Innovation is a guiding principle and an active concept of research and development in both Boston and the cable industry. But where does it live? Does it need a physical space and community to foster competition and productivity? The reinvention of the Boston Waterfront or Seaport District is the answer to that question- the re-branding efforts began in 2009 on the rezoned district, offering business incentives and building on the municipal planning that sought to redefine the urban landscape. Encouraged by public funding and massive infrastructural planning, the Innovation District will serve as a testing ground for new technologies in connectivity, transportation and city planning.
The Innovation District plants the seed of a green high technology future: the diverse living spaces and lifestyle options create an attractive space for entrepreneurs to base their campuses. The clean energy and connectivity initiatives support an environment for positive development.
To top it all off: the Boston Convention and Exposition Center, which will host The Cable Show May 21-23, finds it’s home smack dab in the middle of the emerging Innovation District.
Boston is one of the most historically significant cities in theUnited States. While in town for the cable Show 2012, you can experience a rich and varied history through world renowned landmarks on Boston’s Freedom Trail, one of America’s first walking tours. The Freedom Trail takes visitors through 16 famous sites and 250 years over the course of 2.5 miles along a red brick walking trail. Over the course of an afternoon, amateur historians can soak in the birth of a nation and the sites of some of the most notable events in the American Revolution.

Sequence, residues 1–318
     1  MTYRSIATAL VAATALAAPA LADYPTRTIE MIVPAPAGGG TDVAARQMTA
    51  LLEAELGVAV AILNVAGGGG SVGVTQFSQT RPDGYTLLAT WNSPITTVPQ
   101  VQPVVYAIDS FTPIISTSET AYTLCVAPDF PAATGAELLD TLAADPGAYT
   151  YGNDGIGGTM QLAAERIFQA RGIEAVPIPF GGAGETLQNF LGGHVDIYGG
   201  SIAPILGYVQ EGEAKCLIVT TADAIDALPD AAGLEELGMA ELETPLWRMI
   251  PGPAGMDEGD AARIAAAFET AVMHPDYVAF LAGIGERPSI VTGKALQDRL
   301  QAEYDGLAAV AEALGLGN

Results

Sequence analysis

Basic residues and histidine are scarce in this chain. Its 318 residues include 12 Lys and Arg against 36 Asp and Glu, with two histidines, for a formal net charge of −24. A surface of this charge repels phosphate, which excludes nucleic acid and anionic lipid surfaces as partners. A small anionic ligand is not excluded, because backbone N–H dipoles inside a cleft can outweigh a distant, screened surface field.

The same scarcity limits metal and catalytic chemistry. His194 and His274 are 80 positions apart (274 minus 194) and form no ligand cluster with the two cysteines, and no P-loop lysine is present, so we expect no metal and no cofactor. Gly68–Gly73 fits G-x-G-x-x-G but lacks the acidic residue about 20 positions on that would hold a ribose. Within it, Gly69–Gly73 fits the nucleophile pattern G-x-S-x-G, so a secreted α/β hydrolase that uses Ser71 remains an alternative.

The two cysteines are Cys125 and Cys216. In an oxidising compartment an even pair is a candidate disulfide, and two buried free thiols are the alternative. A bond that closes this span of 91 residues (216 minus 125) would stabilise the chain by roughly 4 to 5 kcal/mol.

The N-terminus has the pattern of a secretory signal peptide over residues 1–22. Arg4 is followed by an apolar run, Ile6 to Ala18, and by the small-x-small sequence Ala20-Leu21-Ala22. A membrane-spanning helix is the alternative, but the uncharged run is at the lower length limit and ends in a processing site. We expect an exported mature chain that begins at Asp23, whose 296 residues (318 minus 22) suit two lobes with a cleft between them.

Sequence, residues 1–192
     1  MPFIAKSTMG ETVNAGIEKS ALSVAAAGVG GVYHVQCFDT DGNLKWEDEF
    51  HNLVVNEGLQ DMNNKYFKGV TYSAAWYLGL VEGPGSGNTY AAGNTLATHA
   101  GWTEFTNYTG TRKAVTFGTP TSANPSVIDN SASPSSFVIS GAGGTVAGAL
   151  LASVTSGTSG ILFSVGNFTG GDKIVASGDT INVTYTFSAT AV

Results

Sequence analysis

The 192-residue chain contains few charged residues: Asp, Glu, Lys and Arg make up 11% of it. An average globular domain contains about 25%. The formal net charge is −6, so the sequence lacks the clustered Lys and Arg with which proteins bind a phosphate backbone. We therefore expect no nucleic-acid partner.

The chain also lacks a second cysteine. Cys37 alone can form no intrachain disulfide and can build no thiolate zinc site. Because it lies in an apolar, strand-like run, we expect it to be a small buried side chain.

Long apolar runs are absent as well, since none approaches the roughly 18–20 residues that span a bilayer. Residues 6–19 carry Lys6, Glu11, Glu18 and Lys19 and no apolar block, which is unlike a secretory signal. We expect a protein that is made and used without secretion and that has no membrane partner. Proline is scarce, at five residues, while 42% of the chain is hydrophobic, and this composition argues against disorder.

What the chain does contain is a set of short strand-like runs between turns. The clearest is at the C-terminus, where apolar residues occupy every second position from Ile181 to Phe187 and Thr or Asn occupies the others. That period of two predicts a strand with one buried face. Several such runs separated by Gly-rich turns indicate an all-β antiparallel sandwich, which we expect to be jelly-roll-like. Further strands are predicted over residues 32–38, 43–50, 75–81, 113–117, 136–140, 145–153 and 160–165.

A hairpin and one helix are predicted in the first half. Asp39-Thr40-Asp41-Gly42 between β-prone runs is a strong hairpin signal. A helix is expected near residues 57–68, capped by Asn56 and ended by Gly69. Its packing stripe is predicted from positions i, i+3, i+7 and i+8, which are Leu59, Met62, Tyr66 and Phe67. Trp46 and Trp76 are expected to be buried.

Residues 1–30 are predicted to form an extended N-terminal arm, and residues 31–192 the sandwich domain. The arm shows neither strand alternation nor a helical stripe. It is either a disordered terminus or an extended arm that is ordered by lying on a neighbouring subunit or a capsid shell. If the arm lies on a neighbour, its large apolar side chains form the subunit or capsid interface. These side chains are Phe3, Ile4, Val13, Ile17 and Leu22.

From Boston Common, the first park in the country, to Paul Revere’s house; the Freedom Trail sets the scene for some of the most important events in colonial Boston. Other sites include The Old State House, from whose balcony the Declaration of Independence was proclaimed in 1776, and the USS Constitution, the oldest commissioned warship afloat in the world.
When The Cable Show comes to Boston it may, it brings a history of innovation more than matched by the city. Nowhere is that pedigree in discovery more on display than Boston’s Museum of Science. Located on the Charles River in the appropriately named Science Park in Back Bay; the museum features over 500 interactive exhibits in every field, from astronomy to natural history to modern computing. The Museum of Science is also home to the Charles Hyden Planetarium and the Mugar Omni IMAX Theater-the only domed IMAX Theater in New England. It’s even an accredited zoo; home to over 100 rescued and rehabilitated animals.
Starting in 1830 as the Boston Museum of Natural History, the Museum was conceived as a place to display natural history specimens from individual collections. After World War II it was sold, expanded and reborn as the Museum of Science, with the goal of housing all sciences under one roof. It would continue to grow, incorporating The Computer Museum into the interactive exhibits and opening the Gordon Current Science & Technology Center which takes breaking advances in the scientific field and hosts seminars by the scientists and inventors involved.